The Home Secretary accepts that we have been at the forefront of change, delivering strong performance whilst using outsourcing and collaboration to drive efficiency and deliver better services for the public.

She praised us for our HMIC rating of outstanding for the provision of affordable policing and we have continued to increase the proportion of our officers on the frontline.  The Home Secretary agrees that others need to learn from and follow our lead.

So in essence, the service provided by Lincolnshire Police is exemplary.  Our officers, staff and volunteers are a credit to policing and it is only right that they receive such wide recognition for the exemplary way they serve our county.

Our partners – including County and District Councils and others involved in the wider justice system – have played their vital part in ensuring that Lincolnshire remains one of the safest counties in which to live and work.

My sincere thanks, finally, to the people of Lincolnshire for supporting a force of which we can all be proud.

To all of you, my best wishes for a peaceful New Year.

Before being elected as Commissioner in 2012, Mr Hardwick worked as a communications professional on newspapers, radio, television and latterly with Lincolnshire Police Authority. Throughout his career, he built up a wide experience of police and policing in the UK. He is passionate about Lincolnshire and about ensuring – with the Chief Constable – the effectiveness and efficiency of a force that has recently been praised by Her Majesty’s Inspectorate of Constabulary and the Prime Minister.

I’m looking forward to 2014 with more than a degree of optimism because I’m confident we can build on the successes of this year.

The entire Lincolnshire policing ‘family’ — officers, Special Constables, PCSOs, staff and volunteers — have achieved a great deal. Crime continues to fall and, despite the government’s eagerness to cut deeper into police funding, I will honour my commitment to maintain the number of front line officers.

But it’s not just about numbers. For any force to be effective, the key is good management; in other words, how those officers are deployed to make best use of their commitment, professionalism, training and skills for the benefit of the people they serve. More than 98% of our officers are on the front line, which is a higher proportion than many other forces.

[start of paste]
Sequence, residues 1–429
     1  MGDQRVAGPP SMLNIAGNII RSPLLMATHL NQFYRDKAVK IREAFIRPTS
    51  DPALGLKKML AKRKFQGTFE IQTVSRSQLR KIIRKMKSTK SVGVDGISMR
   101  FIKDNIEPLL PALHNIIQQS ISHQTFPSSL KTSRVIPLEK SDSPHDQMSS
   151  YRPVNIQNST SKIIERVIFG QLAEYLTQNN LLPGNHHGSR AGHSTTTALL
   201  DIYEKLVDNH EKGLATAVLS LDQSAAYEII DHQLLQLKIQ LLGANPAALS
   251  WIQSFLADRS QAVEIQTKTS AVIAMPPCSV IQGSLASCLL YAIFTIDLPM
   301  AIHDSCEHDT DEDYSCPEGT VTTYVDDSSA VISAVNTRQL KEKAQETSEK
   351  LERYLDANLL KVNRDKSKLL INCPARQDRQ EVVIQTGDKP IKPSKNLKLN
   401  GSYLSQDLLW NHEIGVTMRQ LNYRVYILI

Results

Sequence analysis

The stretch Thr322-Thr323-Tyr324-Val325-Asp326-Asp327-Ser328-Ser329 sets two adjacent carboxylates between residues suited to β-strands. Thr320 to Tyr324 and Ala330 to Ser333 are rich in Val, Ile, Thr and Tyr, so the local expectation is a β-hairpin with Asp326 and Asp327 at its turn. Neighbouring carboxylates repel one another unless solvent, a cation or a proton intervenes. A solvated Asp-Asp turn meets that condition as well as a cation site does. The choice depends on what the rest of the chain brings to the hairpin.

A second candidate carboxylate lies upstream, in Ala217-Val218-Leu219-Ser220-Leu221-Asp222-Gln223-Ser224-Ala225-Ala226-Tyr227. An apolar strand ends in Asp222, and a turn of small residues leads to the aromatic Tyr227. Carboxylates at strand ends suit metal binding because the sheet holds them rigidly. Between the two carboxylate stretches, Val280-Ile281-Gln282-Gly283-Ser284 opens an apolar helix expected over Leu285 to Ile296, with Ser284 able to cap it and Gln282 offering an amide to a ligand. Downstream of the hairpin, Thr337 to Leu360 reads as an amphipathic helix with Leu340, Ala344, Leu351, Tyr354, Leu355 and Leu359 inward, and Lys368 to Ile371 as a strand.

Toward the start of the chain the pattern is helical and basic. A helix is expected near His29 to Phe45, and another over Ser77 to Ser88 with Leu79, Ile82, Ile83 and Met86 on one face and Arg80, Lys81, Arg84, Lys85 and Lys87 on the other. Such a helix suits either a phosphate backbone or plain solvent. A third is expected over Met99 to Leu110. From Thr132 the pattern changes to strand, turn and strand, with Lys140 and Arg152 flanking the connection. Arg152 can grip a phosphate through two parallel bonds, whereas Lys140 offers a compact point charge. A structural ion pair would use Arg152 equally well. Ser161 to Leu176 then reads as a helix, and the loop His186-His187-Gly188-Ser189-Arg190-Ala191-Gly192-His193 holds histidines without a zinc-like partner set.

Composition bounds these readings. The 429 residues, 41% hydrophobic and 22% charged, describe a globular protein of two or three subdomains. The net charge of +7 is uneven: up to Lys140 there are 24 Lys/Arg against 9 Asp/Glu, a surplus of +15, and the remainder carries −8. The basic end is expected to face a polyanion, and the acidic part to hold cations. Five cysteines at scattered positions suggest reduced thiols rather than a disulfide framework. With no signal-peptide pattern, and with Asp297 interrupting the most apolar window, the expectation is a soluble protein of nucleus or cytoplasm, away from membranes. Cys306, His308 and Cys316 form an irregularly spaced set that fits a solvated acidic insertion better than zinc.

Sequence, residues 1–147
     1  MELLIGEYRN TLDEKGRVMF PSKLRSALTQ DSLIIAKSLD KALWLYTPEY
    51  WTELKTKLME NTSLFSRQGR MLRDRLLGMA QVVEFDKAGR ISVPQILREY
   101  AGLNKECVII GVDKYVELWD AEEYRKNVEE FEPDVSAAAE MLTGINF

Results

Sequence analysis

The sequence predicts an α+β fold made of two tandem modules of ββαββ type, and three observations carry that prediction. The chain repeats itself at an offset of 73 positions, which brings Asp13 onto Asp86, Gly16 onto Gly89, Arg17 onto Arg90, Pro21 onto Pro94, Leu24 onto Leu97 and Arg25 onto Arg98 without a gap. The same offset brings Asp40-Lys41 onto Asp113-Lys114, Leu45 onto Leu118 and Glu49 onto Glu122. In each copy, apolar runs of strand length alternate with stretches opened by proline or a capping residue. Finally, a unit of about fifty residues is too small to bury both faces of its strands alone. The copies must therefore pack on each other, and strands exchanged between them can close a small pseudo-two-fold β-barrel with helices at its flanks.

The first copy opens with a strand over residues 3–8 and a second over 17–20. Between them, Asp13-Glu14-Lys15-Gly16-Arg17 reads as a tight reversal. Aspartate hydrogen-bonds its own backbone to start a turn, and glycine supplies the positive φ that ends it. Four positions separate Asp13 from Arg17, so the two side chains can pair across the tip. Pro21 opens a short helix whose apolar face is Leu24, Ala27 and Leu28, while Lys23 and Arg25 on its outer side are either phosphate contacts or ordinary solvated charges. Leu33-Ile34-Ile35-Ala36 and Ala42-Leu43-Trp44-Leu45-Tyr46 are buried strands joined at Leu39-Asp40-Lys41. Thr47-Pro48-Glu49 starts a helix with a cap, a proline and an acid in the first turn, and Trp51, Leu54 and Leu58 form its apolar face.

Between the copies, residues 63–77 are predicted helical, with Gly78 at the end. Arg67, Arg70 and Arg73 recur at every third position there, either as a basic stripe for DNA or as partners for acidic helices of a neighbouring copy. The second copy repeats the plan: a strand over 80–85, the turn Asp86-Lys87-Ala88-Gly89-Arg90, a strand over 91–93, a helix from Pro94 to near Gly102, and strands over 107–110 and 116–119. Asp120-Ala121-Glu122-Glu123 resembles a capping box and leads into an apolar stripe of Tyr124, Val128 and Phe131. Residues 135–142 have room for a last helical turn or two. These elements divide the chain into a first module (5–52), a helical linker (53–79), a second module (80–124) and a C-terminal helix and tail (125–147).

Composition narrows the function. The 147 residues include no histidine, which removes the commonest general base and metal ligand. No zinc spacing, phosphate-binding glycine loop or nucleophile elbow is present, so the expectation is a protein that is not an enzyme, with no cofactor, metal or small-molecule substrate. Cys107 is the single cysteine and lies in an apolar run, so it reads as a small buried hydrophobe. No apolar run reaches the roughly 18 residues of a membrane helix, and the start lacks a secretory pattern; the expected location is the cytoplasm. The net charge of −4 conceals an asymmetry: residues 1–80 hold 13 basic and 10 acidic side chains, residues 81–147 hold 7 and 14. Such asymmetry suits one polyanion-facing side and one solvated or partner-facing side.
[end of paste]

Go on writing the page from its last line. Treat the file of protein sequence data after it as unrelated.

As to their effectiveness, the proof (if any was needed) was most publicly provided in their response to the recent devastating flooding in and around Boston. With other emergency services, local authorities, volunteers and partners, they worked tirelessly to help cope with the crisis. At the same time, the force was policing Lincoln Christmas Market, with its hundreds of thousands of visitors.

Resilient? Able to respond to major and fast-changing situations? Professional? Committed? Oh yes. Not just during widespread emergencies, but all day and every day. That’s why I’m proud of every member of the policing family.

As an aside, one of my lasting memories of 2013 came when I toured the highly efficient Boston clean-up operation accompanied by a PCSO. We stopped to talk to a man who was surrounded by piles of his ruined possessions. “This will be the third skip full,” he said. Then he smiled and raised a mug of steaming tea, adding: “As long as I can still make a cuppa, I’ll be OK.”

It was not the only time I witnessed people getting on with their lives despite the ravages of flood water. I also know of the tremendous efforts made by local authorities and other agencies to help people who were unable to help themselves. I want to put my thanks and admiration on public record.

During the New Year, Lincolnshire will be the first force in the UK — but not,I believe, the last — to put volunteer PCSOs on the streets. I’ve met our first trainees, along with their PCSO mentors, and I was more than ever convinced that our pioneering initiative will be a success.

Work with the County Council that covers many projects concerned with community safety and victim care will continue to be a priority, as will regional collaboration with the other East Midlands forces that provides resilience in tackling major crime.

My Community and Volunteer Fund will continue to award grants of up to £1,000 for initiatives that have a crime reduction or crime prevention basis. So far, the grants have gone towards a wide variety of schemes from youth clubs to helping to pay for security locks for the homes of vulnerable people. The scheme is explained on my website.

During 2013 I’ve spoken to hundreds, if not thousands, of people face-to-face at all kinds of events. I’ve also toured our police stations and district police ‘boxes’ to meet as many staff, officers and volunteers as possible.

This will continue in 2014 because the people who know most about the problems and needs of their communities are those who live and work there. It’s been a valuable experience. I’m more than ready, once more, for the brickbats and occasional bouquets.

In the meantime, my sincere best wishes for a happy and peaceful New Year.

Follow all the columns from the Reflections 2013 series

Before being elected as Commissioner in 2012, Mr Hardwick worked as a communications professional on newspapers, radio, television and latterly with Lincolnshire Police Authority. Throughout his career, he built up a wide experience of police and policing in the UK. He is passionate about Lincolnshire and about ensuring – with the Chief Constable – the effectiveness and efficiency of a force that has recently been praised by Her Majesty’s Inspectorate of Constabulary and the Prime Minister.